This “blessed” God has also “blessed us”. Paul isn’t talking here about the kind of blessings we often dwell on: health, wealth, love, reputation, or happiness. Rather, he is talking here about “spiritual blessings in the heavenly places”. These are blessings that have to do with God’s Holy Spirit and the spiritual dimension of life. We don’t often dwell on the spiritual dimension of life because it’s not right in our faces, and sometimes it seems so distant and unreal. But in fact, it’s these spiritual blessings that really matter. They matter because they’re guaranteed by God’s Spirit, and because they’re permanent, and because they make sense of everything else. These blessings are secure. So this is what we need to fix our hearts on, even though sometimes it seems that we’re not ‘blessed’ in life. Remember that Paul is writing this from prison, chained up for preaching the gospel of Jesus Christ. But he doesn’t dwell on that. Instead, he wants his readers to know that they have these firm and secure spiritual blessings in the heavenly places, and that these blessings really matter.

What do these spiritual blessings consist of? They include being chosen, forgiven, adopted, and being given knowledge and hope. That’s what the following verses are about, and I’ll discuss them in more detail in future posts. But for the moment, there’s something even more important to dwell on: these blessings are all “in Christ”.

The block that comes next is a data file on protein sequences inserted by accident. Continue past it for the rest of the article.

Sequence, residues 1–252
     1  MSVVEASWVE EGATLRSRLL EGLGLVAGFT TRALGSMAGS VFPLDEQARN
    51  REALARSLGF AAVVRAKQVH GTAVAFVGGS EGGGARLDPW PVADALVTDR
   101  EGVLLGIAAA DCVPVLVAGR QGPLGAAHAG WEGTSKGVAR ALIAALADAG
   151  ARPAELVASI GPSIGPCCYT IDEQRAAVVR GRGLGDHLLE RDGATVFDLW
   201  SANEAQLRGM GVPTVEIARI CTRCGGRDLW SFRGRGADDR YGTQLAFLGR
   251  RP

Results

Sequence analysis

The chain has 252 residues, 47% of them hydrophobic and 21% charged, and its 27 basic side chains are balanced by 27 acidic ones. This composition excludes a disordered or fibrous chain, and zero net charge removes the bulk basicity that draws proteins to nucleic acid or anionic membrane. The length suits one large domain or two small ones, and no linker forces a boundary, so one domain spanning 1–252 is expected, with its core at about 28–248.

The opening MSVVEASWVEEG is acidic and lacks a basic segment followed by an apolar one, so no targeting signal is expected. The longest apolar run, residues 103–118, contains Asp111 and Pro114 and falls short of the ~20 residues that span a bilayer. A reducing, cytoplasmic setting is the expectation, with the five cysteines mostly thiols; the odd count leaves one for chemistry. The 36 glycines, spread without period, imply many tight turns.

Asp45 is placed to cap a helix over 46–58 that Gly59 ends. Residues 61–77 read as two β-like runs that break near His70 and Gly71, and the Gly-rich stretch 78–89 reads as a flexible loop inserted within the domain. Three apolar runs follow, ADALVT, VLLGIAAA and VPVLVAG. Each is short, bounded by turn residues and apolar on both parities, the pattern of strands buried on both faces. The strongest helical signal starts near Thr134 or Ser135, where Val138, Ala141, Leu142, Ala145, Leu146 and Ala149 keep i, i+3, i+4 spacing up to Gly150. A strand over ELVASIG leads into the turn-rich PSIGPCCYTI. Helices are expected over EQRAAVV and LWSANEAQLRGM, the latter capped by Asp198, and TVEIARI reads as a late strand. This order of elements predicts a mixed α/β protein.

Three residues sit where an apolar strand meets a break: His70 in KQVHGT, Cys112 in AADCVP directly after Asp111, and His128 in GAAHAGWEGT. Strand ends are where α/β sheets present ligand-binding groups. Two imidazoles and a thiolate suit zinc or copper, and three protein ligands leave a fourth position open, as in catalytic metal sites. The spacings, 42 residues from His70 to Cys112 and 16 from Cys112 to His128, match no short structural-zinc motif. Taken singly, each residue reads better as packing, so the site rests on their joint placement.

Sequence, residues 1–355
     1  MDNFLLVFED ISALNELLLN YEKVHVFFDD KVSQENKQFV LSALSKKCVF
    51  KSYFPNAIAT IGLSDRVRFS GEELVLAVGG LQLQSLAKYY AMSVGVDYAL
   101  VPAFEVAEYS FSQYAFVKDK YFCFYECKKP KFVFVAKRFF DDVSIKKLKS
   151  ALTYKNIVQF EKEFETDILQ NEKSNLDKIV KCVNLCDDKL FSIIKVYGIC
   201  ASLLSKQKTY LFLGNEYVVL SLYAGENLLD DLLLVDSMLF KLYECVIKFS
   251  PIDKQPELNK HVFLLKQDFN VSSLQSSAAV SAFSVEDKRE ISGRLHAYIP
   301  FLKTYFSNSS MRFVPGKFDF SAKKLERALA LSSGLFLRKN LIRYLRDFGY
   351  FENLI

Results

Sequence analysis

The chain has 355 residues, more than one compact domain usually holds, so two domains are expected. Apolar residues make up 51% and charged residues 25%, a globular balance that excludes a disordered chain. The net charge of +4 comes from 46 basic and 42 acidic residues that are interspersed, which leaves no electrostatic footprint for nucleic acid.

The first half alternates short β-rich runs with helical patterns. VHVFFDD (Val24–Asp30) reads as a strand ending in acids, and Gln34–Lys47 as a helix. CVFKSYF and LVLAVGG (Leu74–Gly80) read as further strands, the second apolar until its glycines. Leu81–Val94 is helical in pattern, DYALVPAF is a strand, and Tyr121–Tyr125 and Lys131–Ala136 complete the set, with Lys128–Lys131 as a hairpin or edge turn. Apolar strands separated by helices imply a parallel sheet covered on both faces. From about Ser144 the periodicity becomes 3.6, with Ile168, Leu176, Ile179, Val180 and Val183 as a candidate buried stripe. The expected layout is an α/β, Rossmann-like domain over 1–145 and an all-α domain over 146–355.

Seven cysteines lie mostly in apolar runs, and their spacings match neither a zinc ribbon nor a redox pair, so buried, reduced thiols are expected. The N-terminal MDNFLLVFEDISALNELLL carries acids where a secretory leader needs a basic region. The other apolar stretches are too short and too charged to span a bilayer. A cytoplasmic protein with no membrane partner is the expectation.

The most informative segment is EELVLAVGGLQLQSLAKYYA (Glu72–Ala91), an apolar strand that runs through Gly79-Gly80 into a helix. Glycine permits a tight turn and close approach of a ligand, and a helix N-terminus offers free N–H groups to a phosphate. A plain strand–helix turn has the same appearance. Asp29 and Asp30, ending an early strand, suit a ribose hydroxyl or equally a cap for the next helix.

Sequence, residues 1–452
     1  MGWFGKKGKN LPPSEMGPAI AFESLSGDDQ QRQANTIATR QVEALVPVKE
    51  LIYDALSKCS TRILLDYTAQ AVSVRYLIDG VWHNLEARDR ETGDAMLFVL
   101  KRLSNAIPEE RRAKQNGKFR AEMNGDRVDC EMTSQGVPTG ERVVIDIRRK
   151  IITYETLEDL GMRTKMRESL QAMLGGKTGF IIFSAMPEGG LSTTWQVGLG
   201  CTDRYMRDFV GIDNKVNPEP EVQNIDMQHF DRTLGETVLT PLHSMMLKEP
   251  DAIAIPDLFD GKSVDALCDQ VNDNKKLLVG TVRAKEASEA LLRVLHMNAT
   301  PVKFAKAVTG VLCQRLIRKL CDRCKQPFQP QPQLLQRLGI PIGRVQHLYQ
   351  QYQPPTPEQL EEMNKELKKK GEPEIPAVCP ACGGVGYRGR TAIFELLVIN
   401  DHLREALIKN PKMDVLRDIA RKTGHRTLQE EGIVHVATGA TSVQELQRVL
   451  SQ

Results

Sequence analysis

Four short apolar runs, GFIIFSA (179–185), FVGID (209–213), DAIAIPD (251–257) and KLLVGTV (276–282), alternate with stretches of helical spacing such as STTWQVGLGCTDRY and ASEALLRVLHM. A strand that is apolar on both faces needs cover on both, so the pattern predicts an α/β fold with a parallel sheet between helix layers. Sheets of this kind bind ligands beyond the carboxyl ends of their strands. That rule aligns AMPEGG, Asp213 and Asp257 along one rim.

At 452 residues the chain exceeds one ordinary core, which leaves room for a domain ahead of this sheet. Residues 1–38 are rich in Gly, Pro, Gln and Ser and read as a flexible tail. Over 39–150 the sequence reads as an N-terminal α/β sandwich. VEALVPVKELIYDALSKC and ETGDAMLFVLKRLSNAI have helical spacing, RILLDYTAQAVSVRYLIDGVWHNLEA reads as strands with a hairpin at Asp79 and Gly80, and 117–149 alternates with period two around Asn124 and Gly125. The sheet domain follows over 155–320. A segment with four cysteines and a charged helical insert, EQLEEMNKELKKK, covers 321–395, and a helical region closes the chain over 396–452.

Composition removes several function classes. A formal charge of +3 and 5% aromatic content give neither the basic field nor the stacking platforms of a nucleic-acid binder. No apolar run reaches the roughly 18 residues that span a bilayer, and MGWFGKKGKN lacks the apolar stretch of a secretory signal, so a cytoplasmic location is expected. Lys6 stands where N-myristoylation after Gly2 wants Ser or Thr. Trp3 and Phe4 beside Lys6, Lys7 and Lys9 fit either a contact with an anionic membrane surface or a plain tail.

In Christ

We have all these spiritual blessings “in Christ”. The place where it all happens, the sphere of blessing, is a person: God’s Son, the Lord Jesus Christ.

There’s some Old Testament history behind this idea of being ‘blessed in Christ’. In Genesis 12, after a long description of humanity’s downward spiral of sin and rebellion against God, God speaks to an individual called Abraham about ‘blessing’. God promises that he will “bless” Abraham (Genesis 12:2). He also promises Abraham that “in you all the families of the earth will be blessed” (Genesis 12:3), and “in your offspring all the nations of the earth will be blessed” (Genesis 22:18; see also 26:3–4, 28:14). These are absolutely foundational promises from God. So much of the story of the Old Testament looks forward and points to the one who would be Abraham’s offspring, the one in whom all the nations of the earth would be blessed. And now, Paul says, this one has come! Abraham’s offspring, who is God’s Son Jesus Christ (see also Matthew 1:1), is the one in whom all the nations of the earth are blessed. God’s purposes and plans throughout time, seen through the history of the nation of Israel, have reached their culmination. Jesus Christ, who has been born and died on the cross and risen from the dead, is the focus of God’s plans and his blessings for everyone who believes in him. The phrase “in Christ” keeps coming up again and again in the first half of Ephesians chapter 1, as Paul goes into detail about all the blessings that we have in him.

Sun over city